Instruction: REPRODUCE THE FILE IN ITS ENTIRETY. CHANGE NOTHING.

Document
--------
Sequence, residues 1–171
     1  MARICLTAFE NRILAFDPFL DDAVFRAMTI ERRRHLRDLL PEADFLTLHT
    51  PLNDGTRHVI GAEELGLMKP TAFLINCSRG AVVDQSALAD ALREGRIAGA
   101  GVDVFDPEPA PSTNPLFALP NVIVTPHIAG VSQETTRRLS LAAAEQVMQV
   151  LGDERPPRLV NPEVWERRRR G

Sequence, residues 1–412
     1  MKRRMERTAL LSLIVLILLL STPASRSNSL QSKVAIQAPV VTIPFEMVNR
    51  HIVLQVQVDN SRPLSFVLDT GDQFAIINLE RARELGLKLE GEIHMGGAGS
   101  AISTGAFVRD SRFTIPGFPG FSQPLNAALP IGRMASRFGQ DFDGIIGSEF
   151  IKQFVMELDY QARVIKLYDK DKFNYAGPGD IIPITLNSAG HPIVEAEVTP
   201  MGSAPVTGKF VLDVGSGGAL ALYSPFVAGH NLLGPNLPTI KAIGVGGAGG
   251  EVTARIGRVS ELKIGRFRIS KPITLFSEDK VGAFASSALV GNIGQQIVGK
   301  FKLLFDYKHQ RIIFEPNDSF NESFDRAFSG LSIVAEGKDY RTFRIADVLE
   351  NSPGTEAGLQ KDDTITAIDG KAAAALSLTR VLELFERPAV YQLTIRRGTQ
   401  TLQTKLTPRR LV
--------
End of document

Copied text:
Sequence, residues 1–171
     1  MARICLTAFE NRILAFDPFL DDAVFRAMTI ERRRHLRDLL PEADFLTLHT
    51  PLNDGTRHVI GAEELGLMKP TAFLINCSRG AVVDQSALAD ALREGRIAGA
   101  GVDVFDPEPA PSTNPLFALP NVIVTPHIAG VSQETTRRLS LAAAEQVMQV
   151  LGDERPPRLV NPEVWERRRR G

Sequence, residues 1–412
     1  MKRRMERTAL LSLIVLILLL STPASRSNSL QSKVAIQAPV VTIPFEMVNR
    51  HIVLQVQVDN SRPLSFVLDT GDQFAIINLE RARELGLKLE GEIHMGGAGS
   101  AISTGAFVRD SRFTIPGFPG FSQPLNAALP IGRMASRFGQ DFDGIIGSEF
   151  IKQFVMELDY QARVIKLYDK DKFNYAGPGD IIPITLNSAG HPIVEAEVTP
   201  MGSAPVTGKF VLDVGSGGAL ALYSPFVAGH NLLGPNLPTI KAIGVGGAGG
   251  EVTARIGRVS ELKIGRFRIS KPITLFSEDK VGAFASSALV GNIGQQIVGK
   301  FKLLFDYKHQ RIIFEPNDSF NESFDRAFSG LSIVAEGKDY RTFRIADVLE
   351  NSPGTEAGLQ KDDTITAIDG KAAAALSLTR VLELFERPAV YQLTIRRGTQ
   401  TLQTKLTPRR LV